JobFox gave the latest outlook for these professions with their latest May 2008 release of the "most wanted U.S. job candidates."
There is still an extremely high demand for these professional and highly skilled employees, but there are budget constraints and cutbacks that make it difficult to offset the demand for jobs. This has driven businesses to lower the salaries they offer for some of the hottest jobs on the market. But the demand for the employees is not declining.
Fortunately, for many of the companies, people realize that a declining economy also means that they must be willing to make concessions. Professionals are more willing to take a job for less money today than they were several months ago, just to get their foot in the door. They know that the economy will eventually be on an upswing, and they'll be gaining experience and making "good money" in the meantime.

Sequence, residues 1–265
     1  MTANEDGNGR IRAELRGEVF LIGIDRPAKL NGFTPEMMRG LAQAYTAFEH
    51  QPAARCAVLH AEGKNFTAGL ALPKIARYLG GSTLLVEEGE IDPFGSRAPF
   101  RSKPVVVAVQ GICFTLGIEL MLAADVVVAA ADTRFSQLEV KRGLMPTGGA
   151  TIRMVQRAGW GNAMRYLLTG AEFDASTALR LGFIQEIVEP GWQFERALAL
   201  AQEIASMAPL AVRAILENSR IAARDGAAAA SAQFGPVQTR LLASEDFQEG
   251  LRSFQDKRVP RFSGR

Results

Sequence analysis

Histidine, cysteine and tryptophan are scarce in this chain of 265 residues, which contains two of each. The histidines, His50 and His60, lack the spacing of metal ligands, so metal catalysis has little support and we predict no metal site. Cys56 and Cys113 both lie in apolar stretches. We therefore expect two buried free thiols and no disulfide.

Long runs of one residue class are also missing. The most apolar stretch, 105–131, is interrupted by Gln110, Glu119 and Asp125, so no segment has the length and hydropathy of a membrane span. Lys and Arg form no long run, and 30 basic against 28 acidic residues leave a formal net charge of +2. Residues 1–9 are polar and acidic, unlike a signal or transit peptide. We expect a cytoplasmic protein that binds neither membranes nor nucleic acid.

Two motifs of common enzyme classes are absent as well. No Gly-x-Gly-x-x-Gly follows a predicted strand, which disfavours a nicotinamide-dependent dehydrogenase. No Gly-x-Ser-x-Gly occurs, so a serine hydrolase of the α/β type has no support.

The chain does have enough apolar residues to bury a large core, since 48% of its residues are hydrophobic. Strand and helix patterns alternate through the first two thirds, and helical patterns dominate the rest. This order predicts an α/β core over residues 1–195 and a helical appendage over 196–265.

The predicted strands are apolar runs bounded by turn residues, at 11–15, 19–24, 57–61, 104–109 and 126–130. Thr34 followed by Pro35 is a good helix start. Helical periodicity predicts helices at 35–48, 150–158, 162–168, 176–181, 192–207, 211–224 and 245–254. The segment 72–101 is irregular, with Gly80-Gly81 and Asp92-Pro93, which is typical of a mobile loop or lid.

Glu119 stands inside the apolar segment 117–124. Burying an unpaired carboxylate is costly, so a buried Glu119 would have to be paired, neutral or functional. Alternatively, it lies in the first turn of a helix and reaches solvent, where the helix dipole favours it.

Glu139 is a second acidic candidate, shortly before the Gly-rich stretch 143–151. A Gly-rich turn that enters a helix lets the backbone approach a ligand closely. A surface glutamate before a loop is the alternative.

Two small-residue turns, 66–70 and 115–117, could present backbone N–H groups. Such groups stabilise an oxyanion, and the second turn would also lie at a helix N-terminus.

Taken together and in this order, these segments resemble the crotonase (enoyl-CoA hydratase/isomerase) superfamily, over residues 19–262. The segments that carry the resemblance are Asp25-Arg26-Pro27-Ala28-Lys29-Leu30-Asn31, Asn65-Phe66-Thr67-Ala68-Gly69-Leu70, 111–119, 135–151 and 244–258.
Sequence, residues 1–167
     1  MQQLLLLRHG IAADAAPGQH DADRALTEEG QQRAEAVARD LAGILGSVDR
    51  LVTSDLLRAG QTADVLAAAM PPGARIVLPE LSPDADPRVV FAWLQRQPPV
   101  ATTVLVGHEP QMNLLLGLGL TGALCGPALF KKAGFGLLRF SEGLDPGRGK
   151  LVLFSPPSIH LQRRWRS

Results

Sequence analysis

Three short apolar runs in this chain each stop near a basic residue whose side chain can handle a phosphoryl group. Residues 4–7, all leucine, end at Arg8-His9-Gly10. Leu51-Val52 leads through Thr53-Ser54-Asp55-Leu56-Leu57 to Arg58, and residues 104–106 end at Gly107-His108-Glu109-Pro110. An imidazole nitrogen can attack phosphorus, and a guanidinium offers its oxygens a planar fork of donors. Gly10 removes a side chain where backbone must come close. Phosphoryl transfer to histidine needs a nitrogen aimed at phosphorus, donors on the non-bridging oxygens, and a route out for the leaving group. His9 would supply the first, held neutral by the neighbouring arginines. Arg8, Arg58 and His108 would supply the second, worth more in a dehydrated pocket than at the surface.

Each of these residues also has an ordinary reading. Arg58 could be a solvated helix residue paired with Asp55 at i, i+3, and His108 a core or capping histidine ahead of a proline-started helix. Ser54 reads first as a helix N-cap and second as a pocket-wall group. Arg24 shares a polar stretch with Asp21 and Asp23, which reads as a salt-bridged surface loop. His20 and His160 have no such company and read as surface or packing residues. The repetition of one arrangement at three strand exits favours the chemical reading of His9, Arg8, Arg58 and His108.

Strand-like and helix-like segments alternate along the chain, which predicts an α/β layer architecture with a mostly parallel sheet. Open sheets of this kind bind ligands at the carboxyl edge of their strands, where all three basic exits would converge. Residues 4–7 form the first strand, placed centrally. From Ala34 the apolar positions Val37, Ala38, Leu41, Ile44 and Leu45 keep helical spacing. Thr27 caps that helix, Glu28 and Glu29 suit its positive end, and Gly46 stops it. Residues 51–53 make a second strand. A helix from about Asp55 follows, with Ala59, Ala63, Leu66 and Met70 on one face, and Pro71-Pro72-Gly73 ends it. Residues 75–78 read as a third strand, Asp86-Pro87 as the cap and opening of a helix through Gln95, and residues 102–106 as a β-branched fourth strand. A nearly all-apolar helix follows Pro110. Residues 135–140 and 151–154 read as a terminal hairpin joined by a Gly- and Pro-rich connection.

Most salary decreases are around $10,000 for technology jobs, product management, network/systems administration, governmental contracting, and finance. These are high-profile jobs with high demand so salary adjustments are imminent when the economy strengthens. Employees who are able to look far enough into the future know that taking a job at a lower salary today is a smart bet for tomorrow.
The good thing is that these jobs are here to stay—in today's world of technology and global marketing, they are secure jobs.
Entering the market in any of these specialties is an open ticket for the future when the economy picks up.
Accepting a job today at $95,000 is a lot smarter than waiting for a job offer at $105,000 in 12 months.
You do the math!
Cheezhead author Joel Cheesman is one of the most widely read bloggers on emerging recruitment issues in the world. He was the recipient of Recruiting.com's Best Technology Recruitment Blog for 2005 and received Best Recruiting Blog in 2007. Joel's blog chronicles how the Internet and technology are shaping human resources and how organizations can attract the talent needed to thrive in tomorrow ' s economy.